Album Review: BélO – Dizan [BelO Music, 15th April 2016]

In 1986, when Haitians overthrew dictator Jean Claude Duvalier and the culturally conservative authoritarian regime that he had put into place, the end of the dictatorship brought with it a freer aesthetic in Haitian music – an aesthetic that is often left unrecorded because the country’s economy does not support a vibrant music industry. Of of the recorded musicians that 1986 opened a door to existential liberty for, BélO (short for Jean Bélony Murat), is one of the very best. Inspired by hip hop, reggae and ragamuffin he conjures guitar playing and poetic lyric writing into convivial music rooted in love of his country and of its impoverished humans. His most recent album Dizan, its title (being Haitian creole for ’10 years’), celebrates a decade of music production and can be found on Spotify.

Dizan is a greatest hits album of 22 songs sung by Bélo and other well known names in Haitian art song like Emeline Michel and James Germain. All of the songs are composed around Belo’s guitar playing and are written in poetic Haitian creole or a mix of creole and French. He sings each song twice: once himself and once with one or more famous guests.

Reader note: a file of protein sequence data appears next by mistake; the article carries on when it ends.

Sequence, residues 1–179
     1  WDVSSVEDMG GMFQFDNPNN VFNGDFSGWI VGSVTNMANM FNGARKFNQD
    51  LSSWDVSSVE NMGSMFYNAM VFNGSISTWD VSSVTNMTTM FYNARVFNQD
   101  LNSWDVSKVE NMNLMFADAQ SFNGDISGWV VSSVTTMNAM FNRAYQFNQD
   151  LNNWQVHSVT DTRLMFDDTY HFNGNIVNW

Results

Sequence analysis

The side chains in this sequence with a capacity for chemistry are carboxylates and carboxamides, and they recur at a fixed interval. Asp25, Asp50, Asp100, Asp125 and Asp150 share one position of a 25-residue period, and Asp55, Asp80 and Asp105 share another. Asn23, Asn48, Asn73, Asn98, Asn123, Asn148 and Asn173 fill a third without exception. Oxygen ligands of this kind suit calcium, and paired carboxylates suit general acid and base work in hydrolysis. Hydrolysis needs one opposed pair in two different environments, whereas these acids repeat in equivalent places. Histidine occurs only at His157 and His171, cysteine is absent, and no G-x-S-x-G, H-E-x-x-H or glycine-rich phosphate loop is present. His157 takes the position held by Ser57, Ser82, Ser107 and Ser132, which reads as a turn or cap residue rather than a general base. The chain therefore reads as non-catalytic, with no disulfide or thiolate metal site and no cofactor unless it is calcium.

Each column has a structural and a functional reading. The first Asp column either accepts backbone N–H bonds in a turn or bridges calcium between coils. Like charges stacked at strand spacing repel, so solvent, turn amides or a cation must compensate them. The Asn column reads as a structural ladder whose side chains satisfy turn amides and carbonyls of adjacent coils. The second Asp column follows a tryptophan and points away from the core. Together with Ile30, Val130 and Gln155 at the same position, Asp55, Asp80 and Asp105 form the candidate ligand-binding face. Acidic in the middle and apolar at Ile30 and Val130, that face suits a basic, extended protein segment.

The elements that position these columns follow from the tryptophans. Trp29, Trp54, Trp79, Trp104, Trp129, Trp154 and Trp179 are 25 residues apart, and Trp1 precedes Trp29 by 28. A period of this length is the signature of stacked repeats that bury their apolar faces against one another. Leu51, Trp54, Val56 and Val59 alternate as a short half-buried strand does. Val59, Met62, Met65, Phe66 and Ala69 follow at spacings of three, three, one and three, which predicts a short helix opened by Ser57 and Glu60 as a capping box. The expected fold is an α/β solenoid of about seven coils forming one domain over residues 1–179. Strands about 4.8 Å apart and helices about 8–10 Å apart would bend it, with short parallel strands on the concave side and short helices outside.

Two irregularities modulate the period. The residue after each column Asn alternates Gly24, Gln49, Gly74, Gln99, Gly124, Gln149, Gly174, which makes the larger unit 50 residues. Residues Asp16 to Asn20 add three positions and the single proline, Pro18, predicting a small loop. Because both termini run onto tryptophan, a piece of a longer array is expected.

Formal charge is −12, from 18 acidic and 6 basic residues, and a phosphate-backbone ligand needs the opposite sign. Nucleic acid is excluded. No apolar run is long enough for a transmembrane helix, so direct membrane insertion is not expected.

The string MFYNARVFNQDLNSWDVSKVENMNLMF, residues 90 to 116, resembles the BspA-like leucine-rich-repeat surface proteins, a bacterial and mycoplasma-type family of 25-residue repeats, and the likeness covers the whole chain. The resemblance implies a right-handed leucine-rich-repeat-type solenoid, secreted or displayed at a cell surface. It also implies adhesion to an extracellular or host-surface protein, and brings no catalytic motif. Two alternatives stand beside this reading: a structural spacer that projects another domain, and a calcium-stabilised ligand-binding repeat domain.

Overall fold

The standout songs here are ‘Klodet,’ a song in which a man sings and even screams about his love for a woman named Klodet, and ‘Vann Dlo’ an homage to the courage of the women and men that sell small bags of water in Haiti’s streets, and how it is that they contribute to the livelihood of society, sung in several voices including that of a salesperson. ‘Wozo’ sings a speech that revolutionary priests used to make during the period around the toppling of Jean Claude Duvalier: that Haitians are wozo or reeds, and as reeds they bend but they do not break. No song on the album is inferior (it’s what’s incredible about a greatest hits album) and all are expertly harmonised. They are all quiet but very rhythmic, a departure from the loud, party sounds often expected from Caribbean music. ‘Jasmine’ is a song about urban living in Haiti where certain young women who dress well and know that they are beautiful do not accept dates from men if they are not given gifts.

The fact that Haitian culture, especially urban culture, is mostly not publicised is a travesty. How many people know that many young Haitians almost yell when they sing to guitar playing as if release their cries to the world, because, to quote Homer, “what he greatly thought, he nobly dared.” Belo’s back catalogue is one of the few examples of commercialisation and Dizan, this album of greatest hits, is a grand version of it.